Daily Archives: March 26, 2008

More tales told on the recruiting trail

From Carter Strickland’s piece on Georgia’s recruiting for the ’09 class, there’s this little comparison:

… Georgia has to hedge its bets when it comes to recruiting between 20 and 25 players.

“It’s a catch 22,” Garner said.

Georgia wants those players, may even need those players, but it can only offer so many scholarships or it might find itself in a pinch like Clemson. Clemson oversigned its class and was forced to not renew Atlanta native Ray Ray McElrathbey’s scholarship. (Scholarships are given on a year-by-year basis.)

Bulldogs coach Mark Richt has always said he once a player signs at Georgia, that player’s scholarship is good for all four or five years. So Richt and Georgia do not want to get themselves into a situation where they would oversign.

What’s the over under on how many current high school senior football recruits will hear the name “Ray Ray” in the next ten months?



Filed under Georgia Football, Recruiting, Tommy Bowden: Male Model

Beer drinkin’ and hell raisin’ in Columbia

The way they’re starting to talk about the Ole Ball Coach sounds a lot like the way we were talking about Dennis Felton before the SEC tournament:

Welcome to the football program at South Carolina.

That’s the continuing issue at the school. Under Lou Holtz before him and now under Spurrier, the football team has managed to keep itself in the news for all the wrong reasons.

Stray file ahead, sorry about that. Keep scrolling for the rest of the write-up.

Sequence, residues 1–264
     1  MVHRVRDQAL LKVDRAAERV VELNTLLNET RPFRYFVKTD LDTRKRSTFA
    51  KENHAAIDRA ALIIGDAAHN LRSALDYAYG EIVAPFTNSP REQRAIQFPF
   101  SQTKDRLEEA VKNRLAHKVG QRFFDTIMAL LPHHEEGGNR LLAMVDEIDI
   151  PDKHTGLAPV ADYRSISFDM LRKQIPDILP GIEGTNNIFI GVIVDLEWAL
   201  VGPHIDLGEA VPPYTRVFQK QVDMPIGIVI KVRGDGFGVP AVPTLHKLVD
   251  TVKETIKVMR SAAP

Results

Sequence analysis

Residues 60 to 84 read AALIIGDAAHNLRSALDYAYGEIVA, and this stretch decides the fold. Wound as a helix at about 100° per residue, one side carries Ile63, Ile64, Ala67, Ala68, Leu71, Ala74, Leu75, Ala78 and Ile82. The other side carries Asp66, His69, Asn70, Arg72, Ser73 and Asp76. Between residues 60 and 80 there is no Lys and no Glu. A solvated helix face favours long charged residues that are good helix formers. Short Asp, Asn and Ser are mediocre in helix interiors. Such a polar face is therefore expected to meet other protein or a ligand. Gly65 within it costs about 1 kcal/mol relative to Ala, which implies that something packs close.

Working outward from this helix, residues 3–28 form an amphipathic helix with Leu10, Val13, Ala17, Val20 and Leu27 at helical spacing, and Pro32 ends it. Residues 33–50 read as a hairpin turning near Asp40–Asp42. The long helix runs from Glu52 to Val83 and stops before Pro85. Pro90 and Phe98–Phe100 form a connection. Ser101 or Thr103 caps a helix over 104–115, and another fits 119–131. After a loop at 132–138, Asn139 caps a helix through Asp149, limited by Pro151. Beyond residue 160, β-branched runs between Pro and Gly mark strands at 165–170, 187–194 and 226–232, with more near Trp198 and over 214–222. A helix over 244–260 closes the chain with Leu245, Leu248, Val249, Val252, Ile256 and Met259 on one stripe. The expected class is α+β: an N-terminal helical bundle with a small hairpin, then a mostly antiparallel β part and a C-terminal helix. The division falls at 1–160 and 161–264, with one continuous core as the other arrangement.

When he walked through the door more than three years ago as the next big-name coach to replace the last big-name coach who couldn’t get the job done, one of Spurrier’s first acts was to show the door to a few players he didn’t want on his team.

Many times since, Spurrier has said it wasn’t that he thought they were bad people, only that their attitudes were unacceptable for his standards. He wanted players who were more committed to being good athletes and good students.

At the time, it reflected poorly on some of the recruiting decisions made by Holtz; but here we are three football seasons and then some later, and Spurrier is dealing with many of the same sort of problems, only with players he recruited.

Of course, Felton actually suspended players from (multiple) games, or kicked them off the team for bad behavior. Garcia gets a few days off from practice.

On a related note, Matt Zemek says Spurrier is doomed at USC until he can find another high character quarterback like Danny:

… It’s high time that Spurrier–who also witnessed less than exemplary behavior from Blake Mitchell, a quarterback who held the program back–start insisting on first-rate behavior (not the mere avoidance of wrongdoing) from his kids. After all, this is the man who–talented as he is as a play-caller–needed the character, courage and poise of Danny Wuerffel, a first-class individual in word and deed, to attain especially lofty heights in the annals of SEC history. Only when Spurrier gets another Wuerffel-like signal caller will he be able to set his sights on another SEC title.